Voice recognition in the LabTablet electronic laboratory notebook

Authors
Ventura, S; Amorim, RC; Silva, JRd; Ribeiro, C;

Publication
Proceedings of the Ninth International C* Conference on Computer Science & Software Engineering, C3S2E '16, Porto, Portugal, July 20-22, 2016

Abstract
Research institutions are considering data repositories to manage their outputs and ensure their visibility. In many domains, purpose-built tools can help collect data and metadata as they are created. LabTablet is such a tool, designed to provide the functions of a laboratory notebook, and being able to accompany users in either experimental sessions or field trips. In these contexts, the interaction with the device can be problematic, so we experimented with a speech recognition extension for two purposes: to provide commands, such as requesting readings from the built-in sensors, and to record observations such as a dictated note in a field trip. Copyright 2016 ACM.

2014

Creating lightweight ontologies for dataset description practical applications in a cross-domain research data management workflow

Authors
Castro, JA; da Silva, JR; Ribeiro, C;

Publication
2014 IEEE/ACM JOINT CONFERENCE ON DIGITAL LIBRARIES (JCDL)

Abstract
The description of data is a central task in research data management. Describing datasets requires deep knowledge of both the data and the data creation process to ensure adequate capture of their meaning and context. Metadata schemas are usually followed in resource description to enforce comprehensiveness and interoperability, but they can be hard to understand and adopt by researchers. We propose to address data description using ontologies, which can evolve easily, express semantics at different granularity levels and be directly used in system development. Considering that existing ontologies are often hard to use in a crossdomain research data management environment, we present an approach for creating lightweight ontologies to describe research data. We illustrate our process with two ontologies, and then use them as configuration parameters for Dendro, a software platform for research data management currently being developed at the University of Porto.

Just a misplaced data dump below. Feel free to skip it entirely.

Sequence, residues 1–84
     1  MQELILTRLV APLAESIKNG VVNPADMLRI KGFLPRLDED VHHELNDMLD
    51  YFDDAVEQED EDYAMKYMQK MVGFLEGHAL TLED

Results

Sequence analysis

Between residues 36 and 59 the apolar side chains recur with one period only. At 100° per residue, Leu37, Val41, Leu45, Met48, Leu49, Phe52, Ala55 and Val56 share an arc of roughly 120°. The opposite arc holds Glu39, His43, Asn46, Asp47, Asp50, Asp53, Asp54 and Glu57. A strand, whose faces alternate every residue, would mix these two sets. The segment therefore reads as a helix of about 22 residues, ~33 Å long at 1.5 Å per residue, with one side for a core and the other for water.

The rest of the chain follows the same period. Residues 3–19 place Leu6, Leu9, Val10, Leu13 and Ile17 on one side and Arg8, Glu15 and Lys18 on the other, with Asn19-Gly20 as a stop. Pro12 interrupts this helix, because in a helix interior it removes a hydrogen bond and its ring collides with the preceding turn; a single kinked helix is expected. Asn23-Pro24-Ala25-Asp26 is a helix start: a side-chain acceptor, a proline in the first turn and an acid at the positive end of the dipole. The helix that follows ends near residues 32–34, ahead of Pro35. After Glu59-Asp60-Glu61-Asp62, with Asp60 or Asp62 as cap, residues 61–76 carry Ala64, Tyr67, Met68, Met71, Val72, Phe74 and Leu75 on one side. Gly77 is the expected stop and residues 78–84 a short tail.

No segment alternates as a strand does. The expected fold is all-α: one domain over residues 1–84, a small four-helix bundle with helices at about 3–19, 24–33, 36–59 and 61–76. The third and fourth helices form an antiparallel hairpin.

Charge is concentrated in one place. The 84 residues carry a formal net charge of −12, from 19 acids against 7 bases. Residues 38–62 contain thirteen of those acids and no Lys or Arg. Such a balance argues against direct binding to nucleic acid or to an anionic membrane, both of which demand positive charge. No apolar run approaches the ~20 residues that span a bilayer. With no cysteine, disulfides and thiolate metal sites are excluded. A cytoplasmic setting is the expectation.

2014

Dendro: Collaborative Research Data Management Built on Linked Open Data

Authors
da Silva, JR; Castro, JA; Ribeiro, C; Lopes, JC;

Publication
SEMANTIC WEB: ESWC 2014 SATELLITE EVENTS

Abstract